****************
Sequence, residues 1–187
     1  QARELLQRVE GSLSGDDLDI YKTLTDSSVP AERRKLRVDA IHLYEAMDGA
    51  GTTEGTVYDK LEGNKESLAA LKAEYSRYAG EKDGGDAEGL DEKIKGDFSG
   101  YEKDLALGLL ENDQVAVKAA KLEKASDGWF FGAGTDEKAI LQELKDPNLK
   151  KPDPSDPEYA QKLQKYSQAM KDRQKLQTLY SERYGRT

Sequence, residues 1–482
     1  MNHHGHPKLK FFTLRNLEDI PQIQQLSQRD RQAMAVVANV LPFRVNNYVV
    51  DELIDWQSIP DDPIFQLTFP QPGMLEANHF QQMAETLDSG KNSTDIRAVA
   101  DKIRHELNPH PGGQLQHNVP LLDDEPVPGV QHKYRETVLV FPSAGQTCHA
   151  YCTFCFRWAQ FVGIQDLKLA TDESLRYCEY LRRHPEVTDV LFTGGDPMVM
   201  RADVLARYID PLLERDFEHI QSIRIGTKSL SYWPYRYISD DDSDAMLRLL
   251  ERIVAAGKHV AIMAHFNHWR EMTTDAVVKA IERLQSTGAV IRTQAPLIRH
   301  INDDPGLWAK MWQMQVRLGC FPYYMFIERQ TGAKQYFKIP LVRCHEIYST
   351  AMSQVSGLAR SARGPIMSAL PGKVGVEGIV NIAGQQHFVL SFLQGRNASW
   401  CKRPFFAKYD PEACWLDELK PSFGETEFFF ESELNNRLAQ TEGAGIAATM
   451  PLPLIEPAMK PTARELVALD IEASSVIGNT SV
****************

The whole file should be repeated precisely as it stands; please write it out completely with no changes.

Sequence, residues 1–187
     1  QARELLQRVE GSLSGDDLDI YKTLTDSSVP AERRKLRVDA IHLYEAMDGA
    51  GTTEGTVYDK LEGNKESLAA LKAEYSRYAG EKDGGDAEGL DEKIKGDFSG
   101  YEKDLALGLL ENDQVAVKAA KLEKASDGWF FGAGTDEKAI LQELKDPNLK
   151  KPDPSDPEYA QKLQKYSQAM KDRQKLQTLY SERYGRT

Sequence, residues 1–482
     1  MNHHGHPKLK FFTLRNLEDI PQIQQLSQRD RQAMAVVANV LPFRVNNYVV
    51  DELIDWQSIP DDPIFQLTFP QPGMLEANHF QQMAETLDSG KNSTDIRAVA
   101  DKIRHELNPH PGGQLQHNVP LLDDEPVPGV QHKYRETVLV FPSAGQTCHA
   151  YCTFCFRWAQ FVGIQDLKLA TDESLRYCEY LRRHPEVTDV LFTGGDPMVM
   201  RADVLARYID PLLERDFEHI QSIRIGTKSL SYWPYRYISD DDSDAMLRLL
   251  ERIVAAGKHV AIMAHFNHWR EMTTDAVVKA IERLQSTGAV IRTQAPLIRH
   301  INDDPGLWAK MWQMQVRLGC FPYYMFIERQ TGAKQYFKIP LVRCHEIYST
   351  AMSQVSGLAR SARGPIMSAL PGKVGVEGIV NIAGQQHFVL SFLQGRNASW
   401  CKRPFFAKYD PEACWLDELK PSFGETEFFF ESELNNRLAQ TEGAGIAATM
   451  PLPLIEPAMK PTARELVALD IEASSVIGNT SV